Review: Marvel vs Capcom 3: Fate of Two Worlds

Steve Butts | 15 Feb 2011 18:00
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Fans will appreciate the abundant details and references and cameos scattered throughout the levels. I'm a much bigger Marvel fan than a Capcom fan, so I naturally noticed more of those details, but there's a lot of love for fans of either brand. Characters will call each other out by name and even reference their histories and backgrounds. If Phoenix finds herself matched up against Wolverine, she'll say, "I wish it hadn't come to this, Logan." When she dies, she'll just whisper "Scott," the name of her husband, Cyclops, as she falls to the ground. There are loads of details in the environments too, from the mythical beings in Asgard, to the banners for Heroes for Hire on the skyscrapers in New York. It's these little touches of fan service that make the whole game seem more like a sincere attempt to capture each franchise than just a cheap way to cash in on someone else's popularity.

The characters themselves are also unique and genuine. Fans interested purely in the numbers will be dismayed that this iteration of the game has fewer characters, but it makes the game more focused by cutting out the redundancies. Really, have we ever needed a Ryu and a Ken? By trimming the roster, Capcom has made each character matter more, and is able to really hone in one each fighter's personality. Even though many of the basic moves use the same inputs, Captain America fights like Captain America and Chun-Li fights like Chun-Li.

The only really disappointing thing about Marvel vs. Capcom 3 is the online play. After all that Street Fighter IV did, it's kind of strange to consider why this new game feels so lacking. There are online options, sure, but the one-off battles against random opponents aren't particularly compelling, and even the larger lobbies where groups of players can compete in a winner-stays format don't let you watch the matches. I have no idea if it's a lag issue or what, but there's not much entertainment in just chatting with total strangers for ten or fifteen minutes while watching gamer cards bounce against each other as the fighting players' health bars slowly drain away. Even when playing with friends, it's kind of a downer not to be able to see the fights.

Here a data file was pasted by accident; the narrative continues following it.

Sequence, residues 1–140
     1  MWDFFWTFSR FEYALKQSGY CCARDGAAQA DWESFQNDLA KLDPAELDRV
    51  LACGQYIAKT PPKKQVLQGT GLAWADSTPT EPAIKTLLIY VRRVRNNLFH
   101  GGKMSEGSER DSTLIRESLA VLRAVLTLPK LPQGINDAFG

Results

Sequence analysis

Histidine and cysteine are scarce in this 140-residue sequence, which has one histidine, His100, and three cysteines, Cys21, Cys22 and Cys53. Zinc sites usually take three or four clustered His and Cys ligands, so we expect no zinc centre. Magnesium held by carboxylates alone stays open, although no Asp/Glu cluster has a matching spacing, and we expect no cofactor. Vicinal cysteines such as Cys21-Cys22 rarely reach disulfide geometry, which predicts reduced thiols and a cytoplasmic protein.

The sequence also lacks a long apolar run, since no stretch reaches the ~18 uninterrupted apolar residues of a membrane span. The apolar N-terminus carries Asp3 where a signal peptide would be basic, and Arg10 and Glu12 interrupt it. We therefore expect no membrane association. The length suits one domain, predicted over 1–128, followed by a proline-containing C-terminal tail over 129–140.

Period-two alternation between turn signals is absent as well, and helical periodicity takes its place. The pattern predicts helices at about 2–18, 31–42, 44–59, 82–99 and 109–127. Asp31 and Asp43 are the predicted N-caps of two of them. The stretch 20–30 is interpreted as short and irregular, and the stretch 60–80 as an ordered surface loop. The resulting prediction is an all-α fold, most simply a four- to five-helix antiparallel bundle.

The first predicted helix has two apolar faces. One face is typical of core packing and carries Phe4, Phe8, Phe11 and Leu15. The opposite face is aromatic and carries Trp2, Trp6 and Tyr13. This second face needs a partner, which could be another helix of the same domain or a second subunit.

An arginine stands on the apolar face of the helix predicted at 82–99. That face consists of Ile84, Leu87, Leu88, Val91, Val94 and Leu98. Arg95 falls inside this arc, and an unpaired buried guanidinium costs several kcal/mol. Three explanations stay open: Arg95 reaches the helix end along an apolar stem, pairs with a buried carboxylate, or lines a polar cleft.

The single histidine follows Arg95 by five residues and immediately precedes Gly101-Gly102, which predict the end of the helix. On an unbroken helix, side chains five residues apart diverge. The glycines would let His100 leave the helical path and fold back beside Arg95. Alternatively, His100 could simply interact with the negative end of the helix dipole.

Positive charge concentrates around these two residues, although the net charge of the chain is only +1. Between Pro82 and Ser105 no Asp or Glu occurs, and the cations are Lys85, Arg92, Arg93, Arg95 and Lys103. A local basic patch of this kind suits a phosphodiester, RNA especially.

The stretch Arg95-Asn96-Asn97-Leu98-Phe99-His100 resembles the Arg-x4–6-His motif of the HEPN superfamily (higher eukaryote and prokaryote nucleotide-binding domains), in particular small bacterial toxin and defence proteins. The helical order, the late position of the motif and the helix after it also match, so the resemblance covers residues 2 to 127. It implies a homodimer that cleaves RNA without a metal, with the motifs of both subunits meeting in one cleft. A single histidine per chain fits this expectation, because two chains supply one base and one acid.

Bottom Line: Marvel vs. Capcom 3 is a fantastic fighting game, full of flashy moves, fast action, and heaps of sincerity for the franchises and the genre as a whole. It's approachable enough for newcomers and deep enough for hardcore fans but it doesn't help the new guys out enough.

Recommendation: If all you care about is online play, skip this and go with Street Fighter IV instead. But if you love the either of these franchises and have a friend for local play, Marvel vs. Capcom 3 is loads of fun.

This review is based on the Xbox 360 version of the game.

What our review scores mean.

Game: Marvel vs. Capcom 3: Fate of Two Worlds
Genre: Fighter
Developer: Capcom
Publisher: Capcom
Release Date: February 15, 2011
Platform: Xbox 360,. PS3
Available from: Amazon, Gamestop

Steve Butts still thinks Finishing Shower is an unfortunate name for a combo.

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